FANCY a headache? Well, try and get your brain around this bit of news.
Scientists, it was reported this week, have managed to separate an object from its speed and observed both, at the same time, but in different places!
They have produced evidence that shows a neutron can be observed in one place, while its movement is in another. They’re calling it the Quantum Cheshire Cat theory.
I’ve tried to read the research paper … it should come with a large whisky.
This mind-numbing discovery raises serious questions about the role of science in our lives.
The main questions being: Have scientists not got anything else better to do? … and why the obsession with cats?
The findings would probably have made a bigger story in our media outlets, but Kim Kardashian in a bikini taking a selfie of her backside knocked it off the news schedules.
The Quantum Cheshire Cat theory has come around too soon for me. But I can empathise with it.
Something similar can be observed when I play football on a Sunday night.
Richard Ord, the object, has been separated from the speed he once possessed 20 years ago.
Where I differ from the theory is that while I can be seen lumbering around the five-a-side court in one place, my speed cannot, as yet, be observed in another. I’ll leave that with the scientists.
To be honest, I’m still reeling from the research that revealed men become invisible to younger women when they reach the age of 39.
After their 39th birthday, according to research published earlier this month, men are no longer viewed as sexually attractive, more like friendly uncles or father figures.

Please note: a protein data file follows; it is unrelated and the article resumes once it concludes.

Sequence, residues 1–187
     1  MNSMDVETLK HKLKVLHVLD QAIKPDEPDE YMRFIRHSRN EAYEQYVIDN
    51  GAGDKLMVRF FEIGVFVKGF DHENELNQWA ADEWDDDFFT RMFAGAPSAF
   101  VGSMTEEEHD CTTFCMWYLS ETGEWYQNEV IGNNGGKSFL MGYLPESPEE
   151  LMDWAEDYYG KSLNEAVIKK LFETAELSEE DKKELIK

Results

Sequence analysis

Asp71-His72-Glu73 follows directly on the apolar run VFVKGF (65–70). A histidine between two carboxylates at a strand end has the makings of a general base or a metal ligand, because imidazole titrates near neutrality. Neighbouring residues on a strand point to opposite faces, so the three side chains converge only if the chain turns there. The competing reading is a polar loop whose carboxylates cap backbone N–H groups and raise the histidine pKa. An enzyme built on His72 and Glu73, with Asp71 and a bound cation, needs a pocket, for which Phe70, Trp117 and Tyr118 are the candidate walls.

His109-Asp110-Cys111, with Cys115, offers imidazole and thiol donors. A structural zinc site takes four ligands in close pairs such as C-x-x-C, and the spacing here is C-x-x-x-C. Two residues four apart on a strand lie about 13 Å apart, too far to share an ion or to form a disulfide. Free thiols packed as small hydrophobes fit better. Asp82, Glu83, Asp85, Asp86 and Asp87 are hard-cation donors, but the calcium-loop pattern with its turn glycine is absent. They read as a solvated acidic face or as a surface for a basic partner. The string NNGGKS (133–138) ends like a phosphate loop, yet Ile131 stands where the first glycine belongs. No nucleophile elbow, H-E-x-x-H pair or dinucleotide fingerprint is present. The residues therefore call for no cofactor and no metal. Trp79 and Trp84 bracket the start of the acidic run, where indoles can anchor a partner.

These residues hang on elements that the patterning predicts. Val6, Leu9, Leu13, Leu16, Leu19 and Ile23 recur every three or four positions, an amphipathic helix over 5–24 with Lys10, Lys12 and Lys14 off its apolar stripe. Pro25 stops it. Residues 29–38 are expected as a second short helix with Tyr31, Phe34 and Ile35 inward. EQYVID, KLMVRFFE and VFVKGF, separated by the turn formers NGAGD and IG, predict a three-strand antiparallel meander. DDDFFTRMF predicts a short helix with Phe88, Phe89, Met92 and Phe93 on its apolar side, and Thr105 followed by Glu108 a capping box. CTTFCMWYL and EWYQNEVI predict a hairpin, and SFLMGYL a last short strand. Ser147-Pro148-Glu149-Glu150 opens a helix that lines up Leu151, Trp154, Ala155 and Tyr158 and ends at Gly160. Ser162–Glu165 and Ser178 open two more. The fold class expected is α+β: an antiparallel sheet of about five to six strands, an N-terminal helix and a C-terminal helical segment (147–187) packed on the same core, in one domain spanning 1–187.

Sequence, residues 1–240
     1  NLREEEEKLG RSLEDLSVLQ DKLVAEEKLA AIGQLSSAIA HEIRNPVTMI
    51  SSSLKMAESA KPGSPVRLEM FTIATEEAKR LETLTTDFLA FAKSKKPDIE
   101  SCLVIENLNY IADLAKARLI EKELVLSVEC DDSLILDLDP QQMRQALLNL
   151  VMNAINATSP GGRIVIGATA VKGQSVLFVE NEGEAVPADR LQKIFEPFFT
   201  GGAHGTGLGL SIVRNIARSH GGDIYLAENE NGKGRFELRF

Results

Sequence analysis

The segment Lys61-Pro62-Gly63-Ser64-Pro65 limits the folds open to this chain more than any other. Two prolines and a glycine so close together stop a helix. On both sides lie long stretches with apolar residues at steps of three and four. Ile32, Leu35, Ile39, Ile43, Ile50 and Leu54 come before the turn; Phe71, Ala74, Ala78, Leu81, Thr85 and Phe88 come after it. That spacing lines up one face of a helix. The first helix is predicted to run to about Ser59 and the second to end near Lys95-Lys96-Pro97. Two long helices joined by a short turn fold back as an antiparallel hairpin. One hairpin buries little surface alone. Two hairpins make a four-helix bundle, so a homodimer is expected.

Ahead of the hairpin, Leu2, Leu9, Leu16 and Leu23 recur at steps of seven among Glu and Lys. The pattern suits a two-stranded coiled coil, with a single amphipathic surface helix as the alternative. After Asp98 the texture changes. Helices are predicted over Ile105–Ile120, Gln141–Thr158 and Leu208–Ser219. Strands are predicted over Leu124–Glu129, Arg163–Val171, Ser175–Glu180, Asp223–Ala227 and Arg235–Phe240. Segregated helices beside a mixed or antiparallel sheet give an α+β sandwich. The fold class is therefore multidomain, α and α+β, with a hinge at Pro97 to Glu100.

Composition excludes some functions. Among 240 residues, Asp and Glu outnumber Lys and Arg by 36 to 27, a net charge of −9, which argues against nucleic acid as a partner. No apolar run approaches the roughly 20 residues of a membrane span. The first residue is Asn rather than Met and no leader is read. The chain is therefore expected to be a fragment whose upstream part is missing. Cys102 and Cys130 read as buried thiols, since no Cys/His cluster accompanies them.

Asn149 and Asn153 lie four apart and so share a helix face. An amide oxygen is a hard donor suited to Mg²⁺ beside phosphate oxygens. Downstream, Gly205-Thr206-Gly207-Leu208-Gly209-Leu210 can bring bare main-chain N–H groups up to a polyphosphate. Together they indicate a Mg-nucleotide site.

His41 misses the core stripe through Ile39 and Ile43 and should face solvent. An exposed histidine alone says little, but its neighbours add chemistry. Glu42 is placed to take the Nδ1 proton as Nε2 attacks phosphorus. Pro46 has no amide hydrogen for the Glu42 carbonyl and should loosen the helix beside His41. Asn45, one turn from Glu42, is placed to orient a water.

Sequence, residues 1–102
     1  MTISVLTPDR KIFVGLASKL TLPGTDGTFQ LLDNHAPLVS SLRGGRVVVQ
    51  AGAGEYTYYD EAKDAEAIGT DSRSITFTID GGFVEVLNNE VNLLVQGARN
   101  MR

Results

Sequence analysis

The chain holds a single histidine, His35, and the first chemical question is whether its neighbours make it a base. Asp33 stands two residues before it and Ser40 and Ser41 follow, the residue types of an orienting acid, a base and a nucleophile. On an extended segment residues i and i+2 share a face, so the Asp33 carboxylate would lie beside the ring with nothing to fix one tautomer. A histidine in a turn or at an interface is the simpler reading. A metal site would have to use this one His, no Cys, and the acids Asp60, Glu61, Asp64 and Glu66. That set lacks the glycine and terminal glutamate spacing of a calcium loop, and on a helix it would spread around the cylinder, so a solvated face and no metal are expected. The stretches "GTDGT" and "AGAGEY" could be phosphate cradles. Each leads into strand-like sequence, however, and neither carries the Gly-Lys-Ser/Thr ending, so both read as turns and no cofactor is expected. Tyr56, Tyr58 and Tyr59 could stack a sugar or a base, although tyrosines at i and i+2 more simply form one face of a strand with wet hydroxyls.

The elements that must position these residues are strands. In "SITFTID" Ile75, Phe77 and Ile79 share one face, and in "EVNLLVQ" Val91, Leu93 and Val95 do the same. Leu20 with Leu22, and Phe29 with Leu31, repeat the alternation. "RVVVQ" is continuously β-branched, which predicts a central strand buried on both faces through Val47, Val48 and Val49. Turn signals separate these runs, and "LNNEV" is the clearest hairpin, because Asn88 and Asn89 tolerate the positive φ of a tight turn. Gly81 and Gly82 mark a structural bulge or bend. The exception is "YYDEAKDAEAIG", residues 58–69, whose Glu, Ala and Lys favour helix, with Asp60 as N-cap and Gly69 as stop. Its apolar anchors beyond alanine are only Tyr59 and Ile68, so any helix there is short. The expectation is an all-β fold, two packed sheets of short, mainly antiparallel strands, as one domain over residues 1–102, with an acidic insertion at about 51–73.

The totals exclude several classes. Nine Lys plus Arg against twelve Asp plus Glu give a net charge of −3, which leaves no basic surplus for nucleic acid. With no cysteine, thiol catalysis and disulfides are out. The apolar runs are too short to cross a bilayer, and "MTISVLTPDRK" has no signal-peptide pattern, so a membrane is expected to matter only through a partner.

Being of ginger hair and sporting goofy teeth and a big nose, I was ahead of the curve on that one.
I became invisible to young women at about aged 22.
Not only am I now invisible to women, but I’m also invisible to my children. It’s part and parcel of being a dad.
Unless our two boys need money or a lift somewhere, they don’t see me. You may have experienced the same.
All questions our children have are directed at my wife.
A typical conversation held in our kitchen will go like this.
Isaac, aged 10: “Can I go out and play with my friends?”
Me: “No, I need you to clean up your dishes.”
Isaac (louder): “Mam, can I go out and play with my friends?”
Wife (from upstairs): “Yes.”
Me: “Erm, no, you’ll clean up your dishes.”
Isaac (heading our the door): “Thanks. Byeee.” (door closes).
Like I say, invisible.
The Quantum Cheshire Cat theory, while giving me a headache, would pose no problems for our boys.
They accept the seemingly impossible without thinking, or questioning.
Take their bedrooms. They leave everything lying about during the day. When they awake, the room is immaculate. They accept this without question.
Dirty shirts are dropped on the bedroom floor, only to magically reappear clean and pressed on a hanger in their wardrobe several days later.
It’s their Quantum Cheshire Cat theory. It doesn’t make sense, but, hey, clean shirts!
I believe the theory has close links to the current Dark Matter school of thought amongst physicists.
In fact, while invisibly cleaning up our children’s rooms I came across Dark Matter down the side of our Isaac’s bed.
It’s not a Dark Matter discovery which will excite today’s astrophysicists. We will, however, stop Isaac from eating bananas in bed in the future.